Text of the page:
On the occasion of her 150th birthday, Finnish museums honour Helene Schjerfbeck, a bold artist who was ahead of her time – and whose paintings are now worth millions of euros.
More than six decades after her death, the work of Helene Schjerfbeck (1862–1946) is more vital than ever. Her career mirrored – and presaged – the arrival of modernism. It began with realist village scenes from France and Cornwall in the 1880s and climaxed with haunting, cartoonish self-portraits during the Second World War.
Schjerfbeck’s international stock has been rising since a milestone New York show two decades ago. Her works have fetched auction prices previously unseen for Finnish artists, such as nearly four million euros for her Dancing Shoes at Sotheby’s in London.
In 2012, several Finnish museums are saluting her 150th anniversary with exhibitions. The biggest takes place at Helsinki’s Ateneum, while museums in Tammisaari on the south coast and Vaasa on the west coast are also in on the action.
Rediscovering her originality
At Ateneum, the largest-ever Schjerfbeck retrospective features nearly one third of the roughly 1,000 paintings she created during her lifetime. The show also includes work by artists who inspired her. Schjerfbeck paintings influenced by 16th-century Spanish master El Greco will for the first time be shown beside his originals.
“Of course, Schjerfbeck was influenced by other artists, but their influence is difficult to pinpoint as she filtered her impressions of others’ work and drew her own artistic conclusions,” notes curator Vesa Kiljo of the Provincial Museum of Western Uusimaa, known by its abbreviation, EKTA. It houses a more modest, intimate permanent exhibition on Schjerfbeck in the south-coast town of Tammisaari, where the artist lived between 1918 and 1941.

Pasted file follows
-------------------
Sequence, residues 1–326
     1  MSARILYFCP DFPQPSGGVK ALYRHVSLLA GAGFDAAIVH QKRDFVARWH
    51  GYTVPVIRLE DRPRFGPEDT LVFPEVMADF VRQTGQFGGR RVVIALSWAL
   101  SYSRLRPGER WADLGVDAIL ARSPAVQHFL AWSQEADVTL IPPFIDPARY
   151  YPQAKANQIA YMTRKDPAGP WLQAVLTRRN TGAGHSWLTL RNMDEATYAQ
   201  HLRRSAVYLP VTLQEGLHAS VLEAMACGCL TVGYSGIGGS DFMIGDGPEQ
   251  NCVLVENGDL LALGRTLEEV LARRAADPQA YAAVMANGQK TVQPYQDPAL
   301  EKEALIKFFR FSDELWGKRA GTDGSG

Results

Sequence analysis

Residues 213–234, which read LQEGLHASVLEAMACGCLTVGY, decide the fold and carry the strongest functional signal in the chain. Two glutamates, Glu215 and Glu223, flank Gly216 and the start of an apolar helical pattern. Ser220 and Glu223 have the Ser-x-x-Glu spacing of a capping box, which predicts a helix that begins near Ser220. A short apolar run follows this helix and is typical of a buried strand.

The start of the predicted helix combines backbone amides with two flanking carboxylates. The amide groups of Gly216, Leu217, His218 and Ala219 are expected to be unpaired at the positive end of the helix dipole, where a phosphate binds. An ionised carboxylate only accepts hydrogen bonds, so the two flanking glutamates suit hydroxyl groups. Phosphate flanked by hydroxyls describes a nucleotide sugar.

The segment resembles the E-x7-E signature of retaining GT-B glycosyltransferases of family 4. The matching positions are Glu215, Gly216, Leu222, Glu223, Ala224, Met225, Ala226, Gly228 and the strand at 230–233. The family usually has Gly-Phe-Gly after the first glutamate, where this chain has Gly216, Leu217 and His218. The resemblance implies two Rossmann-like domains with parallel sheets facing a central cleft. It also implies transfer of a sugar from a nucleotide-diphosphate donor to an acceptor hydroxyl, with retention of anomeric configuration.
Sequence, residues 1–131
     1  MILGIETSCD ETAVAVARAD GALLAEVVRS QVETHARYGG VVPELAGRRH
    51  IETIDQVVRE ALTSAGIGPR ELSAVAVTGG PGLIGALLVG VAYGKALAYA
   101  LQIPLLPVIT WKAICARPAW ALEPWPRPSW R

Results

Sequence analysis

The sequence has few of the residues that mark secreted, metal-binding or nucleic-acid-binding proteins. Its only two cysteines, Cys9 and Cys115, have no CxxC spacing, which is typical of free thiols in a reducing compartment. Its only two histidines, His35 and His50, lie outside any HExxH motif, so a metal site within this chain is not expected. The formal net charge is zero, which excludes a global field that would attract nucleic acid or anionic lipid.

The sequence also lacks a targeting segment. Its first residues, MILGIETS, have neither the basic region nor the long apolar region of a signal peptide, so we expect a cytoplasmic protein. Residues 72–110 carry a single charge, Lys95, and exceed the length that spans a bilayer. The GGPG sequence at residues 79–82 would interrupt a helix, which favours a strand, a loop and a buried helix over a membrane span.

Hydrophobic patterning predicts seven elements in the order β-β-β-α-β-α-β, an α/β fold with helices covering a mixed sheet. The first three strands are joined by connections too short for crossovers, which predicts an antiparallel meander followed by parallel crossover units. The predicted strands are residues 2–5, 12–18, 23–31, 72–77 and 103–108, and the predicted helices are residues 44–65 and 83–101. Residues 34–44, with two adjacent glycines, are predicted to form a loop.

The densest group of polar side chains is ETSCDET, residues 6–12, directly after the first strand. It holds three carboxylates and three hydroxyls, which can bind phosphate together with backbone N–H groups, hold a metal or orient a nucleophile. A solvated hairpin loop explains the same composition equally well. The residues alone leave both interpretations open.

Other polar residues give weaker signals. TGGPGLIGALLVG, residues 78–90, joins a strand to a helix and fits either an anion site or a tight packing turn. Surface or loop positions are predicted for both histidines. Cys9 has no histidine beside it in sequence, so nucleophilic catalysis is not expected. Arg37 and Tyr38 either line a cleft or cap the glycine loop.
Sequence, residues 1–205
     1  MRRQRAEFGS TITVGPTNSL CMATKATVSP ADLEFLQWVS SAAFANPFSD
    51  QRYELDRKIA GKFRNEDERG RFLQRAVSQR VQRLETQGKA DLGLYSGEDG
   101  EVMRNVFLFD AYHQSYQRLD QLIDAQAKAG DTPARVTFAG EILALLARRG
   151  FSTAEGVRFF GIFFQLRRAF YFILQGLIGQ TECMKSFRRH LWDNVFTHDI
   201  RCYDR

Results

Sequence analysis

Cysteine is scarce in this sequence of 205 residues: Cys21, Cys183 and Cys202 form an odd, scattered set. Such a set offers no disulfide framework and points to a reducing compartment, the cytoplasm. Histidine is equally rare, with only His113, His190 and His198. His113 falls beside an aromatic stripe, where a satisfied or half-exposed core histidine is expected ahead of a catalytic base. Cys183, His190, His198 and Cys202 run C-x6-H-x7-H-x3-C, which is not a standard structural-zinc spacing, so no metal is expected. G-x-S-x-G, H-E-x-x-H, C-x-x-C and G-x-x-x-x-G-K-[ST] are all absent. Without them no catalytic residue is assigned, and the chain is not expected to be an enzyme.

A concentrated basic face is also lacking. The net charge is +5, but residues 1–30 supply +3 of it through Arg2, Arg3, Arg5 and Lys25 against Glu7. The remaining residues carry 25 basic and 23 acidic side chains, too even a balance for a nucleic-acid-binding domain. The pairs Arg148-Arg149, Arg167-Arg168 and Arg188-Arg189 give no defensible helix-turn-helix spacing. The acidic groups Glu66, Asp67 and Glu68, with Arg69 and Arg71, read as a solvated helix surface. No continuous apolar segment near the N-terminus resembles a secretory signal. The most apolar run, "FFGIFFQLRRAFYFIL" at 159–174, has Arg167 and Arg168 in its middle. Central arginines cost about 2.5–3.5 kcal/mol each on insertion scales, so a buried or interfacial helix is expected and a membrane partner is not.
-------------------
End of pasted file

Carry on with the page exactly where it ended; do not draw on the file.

“Recognition of her originality is the basis on which respect for her as an artist has constantly increased over the years both at home and abroad,” says Kiljo.
Her studio has been partially recreated at the museum. On display are her easel and a rocking chair that features in many of her pictures. Films, photos and letters help to explore Schjerfbeck’s world. Local actor and guide Anne Ingman impersonates Schjerfbeck, and is on hand on July 10, 2012 as the museum celebrates the painter’s birthday with cake and free admission.
Frida Kahlo, Edvard Munch and Schjerfbeck
That kind of hoopla would no doubt have horrified Schjerfbeck, described by her neighbours as shy and introverted. The Independent has written of her: “Imagine the life of Frida Kahlo yoked to the eye of Edvard Munch, and you’ll begin to get the measure of this oeuvre.”
While Schjerfbeck’s life was not as dramatic as Kahlo’s, she too had a tough one. After breaking a hip in a childhood accident, Schjerfbeck became a recluse who walked with a limp and battled illnesses most of her life. She never married, despite one engagement and a long-term unrequited friendship, and spent many years caring for her ill mother – who was Scherfbeck’s other primary model besides herself.
Schjerfbeck is best known for her self-portraits, shown at EKTA as a row of reproductions of 36 works from 1878 to 1945. “Now that I so seldom have the strength to paint, I’ve started on a self-portrait,” she wrote to a friend in 1921. “This way the model is always available, although it isn’t at all pleasant to see oneself.”
While her early self-portraits were naturalistic, the last ones are just a few stylised strokes. Some other portraits – such as The Californian and The Gipsy – show eyes downcast or turned away, which can paradoxically reveal a great deal about a subject.
“She wanted to capture the inner person, not just the exterior,” says Kiljo.
By Wif Stenger, June 2012